According to recent surveys of the U.S. Dept. of Agriculture (USDA), the average intake of vitamin A (& carotenes) by Americans 20 years of age & older met the RDA for vitamin A.

How can we get enough vitamin A?

Eating a variety of foods that contain vitamin A (& carotenes) is the best way to get an adequate amount. Healthy individuals who eat a balanced diet rarely need supplements. In fact, too much vitamin A can be toxic. 

How to Prepare Foods to Retain Vitamin A

Vitamin A can be lost from foods during preparation, cooking, or storage. To retain vitamin A:

  • Serve fruits & vegetables raw whenever possible.
  • Keep vegetables (except sweet potatoes & winter squash) & fruits covered & refrigerated during storage.
  • Steam vegetables & braise, bake, or broil meats instead of frying. Some vitamin A is lost in the fat during frying.

What about fortified foods?

Lowfat and skim milk are often fortified w/vitamin A because it's removed from milk w/the fat. Margarine is fortified to make its vitamin A content the same as butter.

Most ready-to-eat & instant prepared cereals are fortified w/vitamin A. Fortified ready-to-eat cereals usually contain at least 25% of the U.S. RDA for vitamin A. Because cereals vary, check the label on the package for the percentage of the U.S. RDA for a specific cereal.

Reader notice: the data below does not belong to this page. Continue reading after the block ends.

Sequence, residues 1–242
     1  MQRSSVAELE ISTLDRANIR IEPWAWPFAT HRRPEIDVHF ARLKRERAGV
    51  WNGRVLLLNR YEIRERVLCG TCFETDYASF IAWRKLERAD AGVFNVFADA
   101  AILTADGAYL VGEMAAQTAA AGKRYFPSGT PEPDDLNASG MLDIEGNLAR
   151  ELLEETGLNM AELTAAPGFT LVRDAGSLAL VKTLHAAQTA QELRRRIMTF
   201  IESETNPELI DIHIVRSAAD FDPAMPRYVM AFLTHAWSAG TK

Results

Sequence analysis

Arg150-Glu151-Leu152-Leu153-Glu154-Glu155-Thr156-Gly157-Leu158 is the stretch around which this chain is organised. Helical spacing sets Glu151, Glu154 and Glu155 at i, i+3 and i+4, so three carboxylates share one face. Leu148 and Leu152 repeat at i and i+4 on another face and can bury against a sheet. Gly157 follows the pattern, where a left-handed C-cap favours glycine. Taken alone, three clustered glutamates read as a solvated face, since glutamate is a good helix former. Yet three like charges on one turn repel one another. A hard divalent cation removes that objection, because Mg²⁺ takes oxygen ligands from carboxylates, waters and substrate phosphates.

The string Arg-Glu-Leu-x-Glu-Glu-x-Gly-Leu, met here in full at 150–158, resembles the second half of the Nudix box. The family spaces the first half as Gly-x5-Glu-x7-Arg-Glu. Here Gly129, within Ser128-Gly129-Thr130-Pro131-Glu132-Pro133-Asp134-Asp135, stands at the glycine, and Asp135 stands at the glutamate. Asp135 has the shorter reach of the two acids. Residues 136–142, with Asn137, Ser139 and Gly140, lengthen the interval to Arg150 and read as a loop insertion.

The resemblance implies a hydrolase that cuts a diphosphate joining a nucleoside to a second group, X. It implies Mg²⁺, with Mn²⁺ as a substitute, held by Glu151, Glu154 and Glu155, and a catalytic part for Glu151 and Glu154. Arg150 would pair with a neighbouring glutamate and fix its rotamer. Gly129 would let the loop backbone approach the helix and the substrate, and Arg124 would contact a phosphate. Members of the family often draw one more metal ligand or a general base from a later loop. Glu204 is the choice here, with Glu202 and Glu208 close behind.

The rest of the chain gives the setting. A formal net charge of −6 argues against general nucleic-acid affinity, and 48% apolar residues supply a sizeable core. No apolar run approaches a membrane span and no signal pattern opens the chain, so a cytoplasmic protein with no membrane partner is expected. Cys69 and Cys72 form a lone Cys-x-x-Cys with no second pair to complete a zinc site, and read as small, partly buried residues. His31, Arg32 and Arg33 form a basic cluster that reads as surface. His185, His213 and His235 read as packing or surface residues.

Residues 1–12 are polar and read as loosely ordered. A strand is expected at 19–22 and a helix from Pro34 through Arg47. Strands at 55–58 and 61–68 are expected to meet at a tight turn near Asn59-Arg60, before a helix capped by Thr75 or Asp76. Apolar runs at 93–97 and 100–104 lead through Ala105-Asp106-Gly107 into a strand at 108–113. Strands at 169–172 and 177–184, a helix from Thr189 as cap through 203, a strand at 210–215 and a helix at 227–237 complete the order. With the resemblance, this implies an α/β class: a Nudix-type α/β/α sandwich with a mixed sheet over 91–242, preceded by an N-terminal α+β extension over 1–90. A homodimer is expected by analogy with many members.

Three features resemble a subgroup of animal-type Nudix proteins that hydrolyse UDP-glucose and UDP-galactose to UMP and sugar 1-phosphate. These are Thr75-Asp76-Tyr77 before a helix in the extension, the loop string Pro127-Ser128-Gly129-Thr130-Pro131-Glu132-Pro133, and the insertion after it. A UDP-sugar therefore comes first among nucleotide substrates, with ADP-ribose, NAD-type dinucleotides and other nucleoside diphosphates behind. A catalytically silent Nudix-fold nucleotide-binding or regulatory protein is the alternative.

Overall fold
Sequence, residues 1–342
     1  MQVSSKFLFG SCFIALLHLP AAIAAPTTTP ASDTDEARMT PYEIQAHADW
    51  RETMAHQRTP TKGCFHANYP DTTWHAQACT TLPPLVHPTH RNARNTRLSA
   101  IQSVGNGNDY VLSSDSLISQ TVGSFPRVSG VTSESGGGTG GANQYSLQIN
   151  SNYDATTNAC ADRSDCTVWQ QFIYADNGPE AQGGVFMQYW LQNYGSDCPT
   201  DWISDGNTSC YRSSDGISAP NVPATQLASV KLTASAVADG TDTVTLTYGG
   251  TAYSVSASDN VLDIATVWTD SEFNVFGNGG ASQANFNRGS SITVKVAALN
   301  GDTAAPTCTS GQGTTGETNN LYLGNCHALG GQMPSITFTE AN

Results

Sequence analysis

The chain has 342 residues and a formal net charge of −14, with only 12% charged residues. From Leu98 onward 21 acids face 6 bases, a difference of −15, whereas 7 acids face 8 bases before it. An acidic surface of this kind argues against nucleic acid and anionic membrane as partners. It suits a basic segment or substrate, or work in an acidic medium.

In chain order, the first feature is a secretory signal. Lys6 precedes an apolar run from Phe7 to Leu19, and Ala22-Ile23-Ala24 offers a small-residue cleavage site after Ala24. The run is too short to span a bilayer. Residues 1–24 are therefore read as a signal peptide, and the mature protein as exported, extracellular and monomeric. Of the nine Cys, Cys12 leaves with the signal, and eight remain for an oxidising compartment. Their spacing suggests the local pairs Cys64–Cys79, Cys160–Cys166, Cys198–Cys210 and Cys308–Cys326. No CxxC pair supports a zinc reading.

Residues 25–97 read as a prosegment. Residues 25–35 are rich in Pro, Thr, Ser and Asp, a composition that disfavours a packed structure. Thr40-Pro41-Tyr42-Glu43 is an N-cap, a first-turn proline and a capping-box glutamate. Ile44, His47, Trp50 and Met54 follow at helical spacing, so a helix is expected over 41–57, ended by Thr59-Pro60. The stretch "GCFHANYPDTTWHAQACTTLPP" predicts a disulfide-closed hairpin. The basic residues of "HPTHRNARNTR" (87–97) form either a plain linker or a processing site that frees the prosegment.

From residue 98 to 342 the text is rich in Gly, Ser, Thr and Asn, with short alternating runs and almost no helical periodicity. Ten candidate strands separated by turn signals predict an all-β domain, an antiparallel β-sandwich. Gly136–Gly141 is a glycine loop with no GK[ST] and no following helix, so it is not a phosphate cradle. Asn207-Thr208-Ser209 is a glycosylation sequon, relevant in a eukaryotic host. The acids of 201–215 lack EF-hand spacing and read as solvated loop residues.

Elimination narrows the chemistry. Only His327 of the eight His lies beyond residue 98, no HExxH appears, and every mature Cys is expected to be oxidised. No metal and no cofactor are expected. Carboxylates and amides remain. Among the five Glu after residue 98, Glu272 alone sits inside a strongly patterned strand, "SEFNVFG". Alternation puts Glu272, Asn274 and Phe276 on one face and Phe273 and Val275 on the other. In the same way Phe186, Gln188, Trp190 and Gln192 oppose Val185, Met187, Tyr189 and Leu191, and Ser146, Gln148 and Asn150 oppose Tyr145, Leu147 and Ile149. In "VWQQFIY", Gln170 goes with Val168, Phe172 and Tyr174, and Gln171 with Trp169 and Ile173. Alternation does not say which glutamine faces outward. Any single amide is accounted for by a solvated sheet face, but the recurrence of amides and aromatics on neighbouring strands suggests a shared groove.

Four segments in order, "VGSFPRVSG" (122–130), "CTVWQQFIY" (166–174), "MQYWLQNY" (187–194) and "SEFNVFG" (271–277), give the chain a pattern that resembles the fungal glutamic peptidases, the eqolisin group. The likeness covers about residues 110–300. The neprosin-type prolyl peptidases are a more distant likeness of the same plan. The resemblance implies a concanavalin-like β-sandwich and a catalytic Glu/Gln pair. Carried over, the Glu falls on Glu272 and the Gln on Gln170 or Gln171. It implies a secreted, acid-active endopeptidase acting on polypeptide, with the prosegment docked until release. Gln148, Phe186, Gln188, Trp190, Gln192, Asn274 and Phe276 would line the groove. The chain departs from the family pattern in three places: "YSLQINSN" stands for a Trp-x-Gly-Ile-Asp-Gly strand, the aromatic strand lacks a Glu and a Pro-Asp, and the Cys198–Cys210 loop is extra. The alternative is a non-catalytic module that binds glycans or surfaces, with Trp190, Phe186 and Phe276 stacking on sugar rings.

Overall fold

What is a serving?

The serving sizes used on the list of good sources are only estimates of the amounts of food you might eat. The amount of a nutrient in a serving depends on the weight of the serving.
For example, 1/2 cup of a cooked vegetable contains more vitamin A than 1/2 cup of the same vegetable served raw, because a serving of the cooked vegetable weighs more.
Therefore, the cooked vegetable may appear on the list, while the raw form does not. The raw vegetable provides the nutrient, just not enough in a 1/2-cup serving to be considered a good source.

Vitamin C, also known as ascorbic acid, is probably one of the most highly publicized, yet least understood, of all of the vitamins. Championed by Nobel laureate Linus Pauling, Ph.D., & advocated by many nutrition buffs, vitamin C is indeed a fascinating & important nutrient (or micronutrient) necessary for human life.
The Basics
To understand vitamin C, we first need some information about vitamins in general. The word vitamin is derived from the combination of words: vital amine. Vitamins are organic (carbon containing) molecules that mainly function as catalysts for reactions within the body.
A catalyst is a substance that allows a chemical reaction to occur using less energy & less time than it would take under normal conditions. If these catalysts are missing, as in a vitamin deficiency, normal body functions can break down & make a person susceptible to disease.

Vitamins are required by the body in tiny amounts (hundredths of a gram in many cases). We get vitamins from 3 sources:

  • Foods
  • Beverages
  • Our own bodies - vitamin K comes from bacteria within our intestines & vitamin D is produced w/the help of ultraviolet radiation on the skin.